Wednesday, December 28, 2022

A No Jira Experiment

If there is something I look back to from this year, it is doing changes that are impossible. I've been going against the dominant structures, making small changes and enabling a team where continuous change, always for the better is taking root. 

Saying it has taken root would be overpromising. Because the journey is only in the beginning. But we have done something good. We have moved to more frequent releases. We have established programmatic tests (over test automation), and we have a nice feedback cycle that captures insights of things we miss into those tests. The journey has not been easy.

When I wanted to drop scrum as the dominant agile framework of how management around us wanted things planned early this year, the conversations took some weeks up until a point of inviting trust. I made sure we were worthy of that trust, collecting metrics and helping the team hit targets. I spent time making sure the progress was visible, and that there was progress. 

Yet, I felt constrained. 

In early October this year, I scheduled a meeting to drive through yet another change I knew was right for the team. I made notes of what was said.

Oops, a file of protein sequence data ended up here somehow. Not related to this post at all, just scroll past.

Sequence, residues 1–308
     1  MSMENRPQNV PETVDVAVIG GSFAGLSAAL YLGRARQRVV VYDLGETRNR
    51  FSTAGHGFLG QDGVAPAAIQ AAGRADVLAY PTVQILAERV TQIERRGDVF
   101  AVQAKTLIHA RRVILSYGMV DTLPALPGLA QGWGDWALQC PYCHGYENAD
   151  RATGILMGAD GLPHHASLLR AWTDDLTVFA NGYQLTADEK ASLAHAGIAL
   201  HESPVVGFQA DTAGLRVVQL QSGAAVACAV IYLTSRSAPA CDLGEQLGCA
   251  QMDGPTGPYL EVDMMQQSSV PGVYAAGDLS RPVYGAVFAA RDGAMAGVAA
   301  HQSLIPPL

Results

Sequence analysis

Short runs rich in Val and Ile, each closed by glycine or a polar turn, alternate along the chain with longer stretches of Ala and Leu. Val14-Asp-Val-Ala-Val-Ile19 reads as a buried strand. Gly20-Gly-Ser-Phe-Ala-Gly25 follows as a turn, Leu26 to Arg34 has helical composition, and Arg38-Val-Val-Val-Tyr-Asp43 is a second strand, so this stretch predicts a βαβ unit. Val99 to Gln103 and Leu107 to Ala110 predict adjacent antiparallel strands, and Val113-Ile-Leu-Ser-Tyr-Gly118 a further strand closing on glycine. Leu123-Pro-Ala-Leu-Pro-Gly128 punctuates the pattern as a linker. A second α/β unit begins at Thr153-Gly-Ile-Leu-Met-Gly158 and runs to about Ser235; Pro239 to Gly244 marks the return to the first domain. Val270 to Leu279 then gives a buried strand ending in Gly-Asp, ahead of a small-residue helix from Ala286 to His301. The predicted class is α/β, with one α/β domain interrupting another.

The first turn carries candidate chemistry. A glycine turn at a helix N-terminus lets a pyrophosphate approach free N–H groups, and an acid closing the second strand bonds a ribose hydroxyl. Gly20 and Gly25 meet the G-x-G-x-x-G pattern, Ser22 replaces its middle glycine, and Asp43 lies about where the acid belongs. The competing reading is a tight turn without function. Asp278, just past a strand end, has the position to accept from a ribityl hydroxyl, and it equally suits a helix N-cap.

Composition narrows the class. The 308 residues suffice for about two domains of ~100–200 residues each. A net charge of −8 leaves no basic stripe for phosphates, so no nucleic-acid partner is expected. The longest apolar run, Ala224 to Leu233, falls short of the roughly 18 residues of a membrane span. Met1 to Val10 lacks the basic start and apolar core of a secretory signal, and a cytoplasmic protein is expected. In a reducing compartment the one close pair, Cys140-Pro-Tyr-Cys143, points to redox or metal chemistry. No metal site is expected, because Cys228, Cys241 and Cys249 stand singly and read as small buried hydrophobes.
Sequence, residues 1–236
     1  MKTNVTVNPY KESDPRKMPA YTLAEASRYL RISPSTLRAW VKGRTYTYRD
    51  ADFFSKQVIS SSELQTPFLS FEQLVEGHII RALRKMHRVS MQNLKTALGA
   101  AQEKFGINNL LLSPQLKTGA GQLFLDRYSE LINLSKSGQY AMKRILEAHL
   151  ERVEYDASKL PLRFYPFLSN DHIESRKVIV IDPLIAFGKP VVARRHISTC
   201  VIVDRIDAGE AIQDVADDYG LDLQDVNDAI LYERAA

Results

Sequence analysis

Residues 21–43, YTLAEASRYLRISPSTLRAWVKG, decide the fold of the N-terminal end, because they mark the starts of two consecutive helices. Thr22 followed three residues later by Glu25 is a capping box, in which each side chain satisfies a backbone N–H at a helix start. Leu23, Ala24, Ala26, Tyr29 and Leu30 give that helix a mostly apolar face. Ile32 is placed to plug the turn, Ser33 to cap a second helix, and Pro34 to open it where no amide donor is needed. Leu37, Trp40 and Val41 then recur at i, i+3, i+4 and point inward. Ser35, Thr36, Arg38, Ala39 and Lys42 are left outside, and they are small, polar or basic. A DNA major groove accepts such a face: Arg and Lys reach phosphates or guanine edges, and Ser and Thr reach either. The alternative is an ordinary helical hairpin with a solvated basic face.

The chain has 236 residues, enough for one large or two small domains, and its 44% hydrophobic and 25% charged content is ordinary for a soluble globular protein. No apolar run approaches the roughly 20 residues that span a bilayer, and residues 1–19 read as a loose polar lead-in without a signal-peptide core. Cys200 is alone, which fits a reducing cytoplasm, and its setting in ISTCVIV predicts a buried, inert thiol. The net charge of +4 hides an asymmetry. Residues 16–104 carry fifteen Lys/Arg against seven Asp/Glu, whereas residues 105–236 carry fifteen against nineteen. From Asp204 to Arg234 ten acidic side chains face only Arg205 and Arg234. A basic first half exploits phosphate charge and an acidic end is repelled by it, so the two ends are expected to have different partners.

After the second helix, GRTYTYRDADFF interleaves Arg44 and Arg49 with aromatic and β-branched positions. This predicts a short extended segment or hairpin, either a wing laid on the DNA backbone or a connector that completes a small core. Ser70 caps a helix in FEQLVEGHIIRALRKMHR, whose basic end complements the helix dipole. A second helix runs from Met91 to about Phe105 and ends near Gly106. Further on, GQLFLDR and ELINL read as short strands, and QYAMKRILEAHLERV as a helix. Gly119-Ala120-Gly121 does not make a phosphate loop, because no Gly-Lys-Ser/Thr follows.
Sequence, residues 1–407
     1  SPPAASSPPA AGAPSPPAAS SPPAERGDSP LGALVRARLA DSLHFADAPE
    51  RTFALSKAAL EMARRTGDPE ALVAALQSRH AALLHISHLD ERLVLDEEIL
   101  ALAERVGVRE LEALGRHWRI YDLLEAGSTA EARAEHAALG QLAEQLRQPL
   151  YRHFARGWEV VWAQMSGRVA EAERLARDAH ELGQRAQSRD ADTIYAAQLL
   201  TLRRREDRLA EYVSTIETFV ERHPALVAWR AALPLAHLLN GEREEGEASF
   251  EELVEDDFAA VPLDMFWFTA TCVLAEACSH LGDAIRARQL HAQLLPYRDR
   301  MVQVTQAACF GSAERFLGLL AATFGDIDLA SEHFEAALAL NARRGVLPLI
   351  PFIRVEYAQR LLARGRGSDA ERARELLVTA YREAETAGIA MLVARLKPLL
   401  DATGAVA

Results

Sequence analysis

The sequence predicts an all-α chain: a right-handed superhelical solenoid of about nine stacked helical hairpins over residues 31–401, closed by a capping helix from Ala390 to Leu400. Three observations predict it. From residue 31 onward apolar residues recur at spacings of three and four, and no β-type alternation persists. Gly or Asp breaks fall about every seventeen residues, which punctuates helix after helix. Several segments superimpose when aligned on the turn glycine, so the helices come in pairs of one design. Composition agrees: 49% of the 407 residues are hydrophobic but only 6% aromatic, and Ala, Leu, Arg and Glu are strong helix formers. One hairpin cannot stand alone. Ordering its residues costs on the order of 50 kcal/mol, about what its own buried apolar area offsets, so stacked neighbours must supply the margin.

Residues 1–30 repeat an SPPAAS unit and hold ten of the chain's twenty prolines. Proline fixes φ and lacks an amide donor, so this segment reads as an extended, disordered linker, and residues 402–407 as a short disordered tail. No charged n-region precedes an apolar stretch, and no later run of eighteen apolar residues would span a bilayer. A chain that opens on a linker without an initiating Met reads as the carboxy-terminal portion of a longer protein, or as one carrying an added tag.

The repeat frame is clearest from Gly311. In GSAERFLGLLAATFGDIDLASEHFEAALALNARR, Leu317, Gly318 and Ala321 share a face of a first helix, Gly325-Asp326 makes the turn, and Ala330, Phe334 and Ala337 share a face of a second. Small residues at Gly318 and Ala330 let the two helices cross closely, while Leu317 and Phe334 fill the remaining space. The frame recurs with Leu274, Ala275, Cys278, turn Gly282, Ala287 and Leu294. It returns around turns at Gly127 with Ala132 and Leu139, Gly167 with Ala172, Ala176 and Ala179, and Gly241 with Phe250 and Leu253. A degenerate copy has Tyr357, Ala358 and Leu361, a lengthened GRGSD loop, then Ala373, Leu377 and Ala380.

This would result in:

  • uncontrolled, uncoordinated work
  • slower progress, confusion with priorities and requirements
  • business case and business value forgotten 

Again inviting that trust, I got to do something unusual for the context at hand: I got to stop using Jira for planning and tracking of work. The first temporary yes was four weeks, and those were four of our clearest, most value delivering weeks. What started off as temporary, turned to *for now*. 

Calling it No Jira Experiment is a bit of an overpromise. Our product owner uses Jira on epic level tickets and creates this light illusion of visibility to our work in that. Unlike before, now with just few things he is moving around, the statuses are correctly represented. The epics have a documented acceptance criteria by the time they are accepted. Documentation is the output, not the input. 

While there is no tickets of details, the high level is better.

At the same time, we have just completed our most complicated everyone involved feature. We've created light lists of unfinished work, and are just about to delete all the evidence of the 50+ things we needed to list. Because our future is better when we see the documentation we wanted to leave behind, not the documentation that presents what emerged while the work was being discovered. The commit messages were more meaningful representing the work now done, not the work planned some weeks before. 

It was not uncontrolled or uncoordinated. It was faster, with clarity of priorities and requirements. And we did not forget business case or business value. 

It is far from perfect, or even good enough for longer term, we have a lot to work on. But it is so much better than following a ticket-centric process, faking that we know the shape of the work forcing an ineffective shape because that seems to be expected and asked for.